Source: the author.

Figure 1. Hypothesized research model without control variables.

hypothesized research model.

Correspondingly, the hypotheses H1 to H13 are justified as follows:

3.1. H1: Personal Power -> Team Task Performance

Strong empirical evidence shows that the application of personal power is the most effective regarding performance. For example, Podsakoff and Schriescheim (1985) argued that personal power (expert and referent power) are positively connected to teammate performance. Similarly, in earlier research, Student (1968) found that referent power and expert power were both related to production performance. Rational persuasion as a dimension of personal power is associated with managerial effectiveness (Yukl & Falbe, 1991) regarding its purpose to be a key influence technique (Kipnis et al., 1980). Also, Tost, Gino, and Larrick (2013) stated that the psychological effect of power (personal power) on leaders’ behaviour can affect team performance in a negative way as verbal dominance and diminishing communication deteriorate team performance (Cummings, 2017; Tost et al., 2013). Or it can also affect it in a positive way when personal power is labelled with high organizational effectiveness, which should improve valuable teammate outcomes (Haller, Fischer, & Frey, 2018). In contrast, the offered studies might be criticized as they do not all explicitly discuss the relation between personal power and team task performance. Some investigated the relation regarding performance and outcome in a more general way (Nikoloski, 2015; Reiley & Jacobs, 2019; Wageman & Mannix, 1998). However, it can be argued that the study findings supporting the hypothesis within the long time frame of investigations (see (Student, 1968)) and coming from different perspectives and contexts show strong empirical evidence. Thus, the following hypothesis can be formulated: H1: The higher the level of personal power, the higher the level of Team Task Performance.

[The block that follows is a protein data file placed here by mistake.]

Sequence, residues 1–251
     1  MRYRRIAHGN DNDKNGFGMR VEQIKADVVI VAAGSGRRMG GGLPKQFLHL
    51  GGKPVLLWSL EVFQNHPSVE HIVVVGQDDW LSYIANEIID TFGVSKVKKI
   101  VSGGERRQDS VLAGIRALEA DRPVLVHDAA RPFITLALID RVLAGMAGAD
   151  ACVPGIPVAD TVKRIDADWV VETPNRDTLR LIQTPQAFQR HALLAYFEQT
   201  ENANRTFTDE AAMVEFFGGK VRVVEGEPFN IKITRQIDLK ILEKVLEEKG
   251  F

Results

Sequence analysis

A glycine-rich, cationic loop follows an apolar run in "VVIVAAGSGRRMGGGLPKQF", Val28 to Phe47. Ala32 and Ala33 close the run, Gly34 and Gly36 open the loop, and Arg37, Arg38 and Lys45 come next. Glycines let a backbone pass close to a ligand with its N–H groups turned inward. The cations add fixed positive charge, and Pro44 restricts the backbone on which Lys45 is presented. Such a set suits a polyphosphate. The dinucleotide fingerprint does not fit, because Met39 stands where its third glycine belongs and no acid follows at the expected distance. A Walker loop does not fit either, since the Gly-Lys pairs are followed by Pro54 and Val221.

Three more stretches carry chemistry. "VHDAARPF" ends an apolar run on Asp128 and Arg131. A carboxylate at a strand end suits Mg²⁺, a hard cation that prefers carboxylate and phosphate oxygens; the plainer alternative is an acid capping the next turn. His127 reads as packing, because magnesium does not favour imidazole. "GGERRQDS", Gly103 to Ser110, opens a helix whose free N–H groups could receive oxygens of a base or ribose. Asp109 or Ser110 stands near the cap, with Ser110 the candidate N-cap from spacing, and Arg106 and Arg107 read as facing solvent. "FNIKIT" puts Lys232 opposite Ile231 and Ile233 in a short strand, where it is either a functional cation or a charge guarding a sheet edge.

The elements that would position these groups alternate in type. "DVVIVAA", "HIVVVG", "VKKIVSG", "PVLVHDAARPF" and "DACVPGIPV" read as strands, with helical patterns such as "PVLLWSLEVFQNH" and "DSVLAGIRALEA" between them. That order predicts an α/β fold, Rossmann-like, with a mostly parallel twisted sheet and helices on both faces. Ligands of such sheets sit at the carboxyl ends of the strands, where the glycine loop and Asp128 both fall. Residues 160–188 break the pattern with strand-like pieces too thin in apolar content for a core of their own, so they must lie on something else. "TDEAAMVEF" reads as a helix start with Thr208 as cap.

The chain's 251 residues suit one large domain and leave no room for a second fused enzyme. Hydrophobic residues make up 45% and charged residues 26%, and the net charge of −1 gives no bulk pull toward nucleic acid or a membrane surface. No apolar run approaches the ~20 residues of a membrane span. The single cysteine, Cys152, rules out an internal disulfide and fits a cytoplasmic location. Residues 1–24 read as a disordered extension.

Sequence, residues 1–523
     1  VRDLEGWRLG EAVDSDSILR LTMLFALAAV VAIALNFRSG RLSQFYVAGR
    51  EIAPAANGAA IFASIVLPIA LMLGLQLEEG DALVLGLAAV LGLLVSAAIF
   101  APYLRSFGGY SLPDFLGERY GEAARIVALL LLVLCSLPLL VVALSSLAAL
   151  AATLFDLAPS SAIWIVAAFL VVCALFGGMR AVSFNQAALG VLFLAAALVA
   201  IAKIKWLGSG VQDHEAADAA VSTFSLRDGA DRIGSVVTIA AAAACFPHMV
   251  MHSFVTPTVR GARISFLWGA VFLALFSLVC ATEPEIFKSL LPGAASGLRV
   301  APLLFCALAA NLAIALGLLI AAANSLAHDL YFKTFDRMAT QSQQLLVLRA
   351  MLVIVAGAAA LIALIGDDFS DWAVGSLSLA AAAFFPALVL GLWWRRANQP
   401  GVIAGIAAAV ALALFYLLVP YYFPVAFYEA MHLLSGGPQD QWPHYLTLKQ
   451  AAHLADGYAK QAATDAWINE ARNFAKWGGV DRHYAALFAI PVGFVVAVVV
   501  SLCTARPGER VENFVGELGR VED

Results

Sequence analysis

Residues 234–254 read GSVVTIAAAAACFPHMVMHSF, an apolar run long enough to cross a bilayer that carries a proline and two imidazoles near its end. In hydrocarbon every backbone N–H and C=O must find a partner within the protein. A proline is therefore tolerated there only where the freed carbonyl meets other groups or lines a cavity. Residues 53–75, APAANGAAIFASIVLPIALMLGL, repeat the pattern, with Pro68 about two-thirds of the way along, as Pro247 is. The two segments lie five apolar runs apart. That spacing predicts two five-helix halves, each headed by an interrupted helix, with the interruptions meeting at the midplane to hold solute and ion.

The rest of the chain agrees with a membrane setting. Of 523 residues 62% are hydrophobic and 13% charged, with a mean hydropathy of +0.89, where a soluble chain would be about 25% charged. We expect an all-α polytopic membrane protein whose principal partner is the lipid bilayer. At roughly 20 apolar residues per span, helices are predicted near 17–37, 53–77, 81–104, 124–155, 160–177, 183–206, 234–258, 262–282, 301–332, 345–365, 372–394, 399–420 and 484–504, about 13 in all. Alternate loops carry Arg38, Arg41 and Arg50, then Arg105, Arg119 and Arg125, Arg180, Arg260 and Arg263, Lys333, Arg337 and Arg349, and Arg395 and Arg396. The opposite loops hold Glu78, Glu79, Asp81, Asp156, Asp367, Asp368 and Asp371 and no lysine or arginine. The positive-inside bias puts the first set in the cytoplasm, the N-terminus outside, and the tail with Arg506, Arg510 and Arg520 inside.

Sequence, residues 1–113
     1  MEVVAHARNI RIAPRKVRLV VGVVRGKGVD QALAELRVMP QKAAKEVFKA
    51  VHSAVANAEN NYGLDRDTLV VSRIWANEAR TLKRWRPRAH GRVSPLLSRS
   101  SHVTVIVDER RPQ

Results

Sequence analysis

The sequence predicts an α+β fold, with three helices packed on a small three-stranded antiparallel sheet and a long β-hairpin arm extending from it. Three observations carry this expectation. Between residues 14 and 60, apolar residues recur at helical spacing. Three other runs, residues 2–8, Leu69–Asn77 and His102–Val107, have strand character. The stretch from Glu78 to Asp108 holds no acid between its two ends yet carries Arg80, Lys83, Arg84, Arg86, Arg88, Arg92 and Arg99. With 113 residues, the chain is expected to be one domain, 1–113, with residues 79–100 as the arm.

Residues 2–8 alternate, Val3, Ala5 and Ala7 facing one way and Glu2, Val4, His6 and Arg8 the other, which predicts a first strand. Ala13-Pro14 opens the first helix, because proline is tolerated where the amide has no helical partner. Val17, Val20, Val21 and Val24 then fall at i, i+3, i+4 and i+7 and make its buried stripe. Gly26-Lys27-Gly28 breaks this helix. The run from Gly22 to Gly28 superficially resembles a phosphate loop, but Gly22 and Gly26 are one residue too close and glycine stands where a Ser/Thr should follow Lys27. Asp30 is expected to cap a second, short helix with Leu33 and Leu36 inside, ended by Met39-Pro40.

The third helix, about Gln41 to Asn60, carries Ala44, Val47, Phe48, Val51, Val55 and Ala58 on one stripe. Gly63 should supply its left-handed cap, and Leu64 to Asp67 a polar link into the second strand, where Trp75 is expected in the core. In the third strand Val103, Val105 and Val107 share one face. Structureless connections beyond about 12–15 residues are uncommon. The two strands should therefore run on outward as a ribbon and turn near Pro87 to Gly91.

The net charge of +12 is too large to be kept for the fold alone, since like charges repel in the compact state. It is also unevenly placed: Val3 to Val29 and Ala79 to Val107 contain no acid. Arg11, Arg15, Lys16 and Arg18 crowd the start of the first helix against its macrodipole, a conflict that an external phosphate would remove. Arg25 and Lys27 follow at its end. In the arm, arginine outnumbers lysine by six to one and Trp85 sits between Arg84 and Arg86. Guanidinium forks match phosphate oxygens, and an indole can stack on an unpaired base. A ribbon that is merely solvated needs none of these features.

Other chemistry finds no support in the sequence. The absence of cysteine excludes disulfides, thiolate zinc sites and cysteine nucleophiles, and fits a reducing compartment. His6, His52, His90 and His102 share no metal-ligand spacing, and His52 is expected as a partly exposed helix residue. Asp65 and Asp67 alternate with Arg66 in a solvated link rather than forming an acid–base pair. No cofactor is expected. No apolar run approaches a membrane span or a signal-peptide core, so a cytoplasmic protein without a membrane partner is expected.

3.2. H2: Position Power -> Personal Power

As shown in Table 1 a different kind of relation between the dimensions of positional power and the dimensions of personal power can be identified in various studies.

However, the identified relations are diverse and inconsistent. For example, the study of Munduate and Dorado (1998) is contextualized on organizational change and the occurrence of reward power is connected with application of expert power. Other studies have identified the relation between the strength of reward and coercive power bases and expert and legitimate power bases, but do not answer precisely whether the relation is a positive or negative one (Carson et al., 1993; Gaski, 1986; Rahim & Psenicka, 1996; Rahim, 2009). In contrast, the study of Aguinis et al. (1994) proved that coercive power reduces referent power and coercive and reward power negatively affect expert power. Regarding these findings, Lunenburg (2012) proposed that expert power itself can be the basis of legitimate power, which shows the multifaceted interrelations between the positional power and personal power. It might be argued similarly to Lunenburg (2012: p. 1) that “Sometimes leaders use the sources of power together in varying combinations depending on the situation.” But, this assumption should be advanced by the circumstance that the usage of different power bases in particular situations also depends on the cross-cultural context of leaders and teammates, as shown by Mittal and Elias (2016).

Regarding the categorization of power in soft and harsh power, based on Raven (1992) taxonomy, they argue that soft power (similar to personal power)

Table 1. Relation between the dimensions of positional power and the dimensions of personal power.

seems to be more often activated in cultural contexts that have a collectivist, long-term view, but low on uncertainty avoidance and power distance. Conversely, harsh power (similar to positional power) seems to be more likely to be activated in cultures that are short-term oriented, tight, and high in power distance (Dirik & Eryılmaz, 2018; Mittal & Elias, 2016).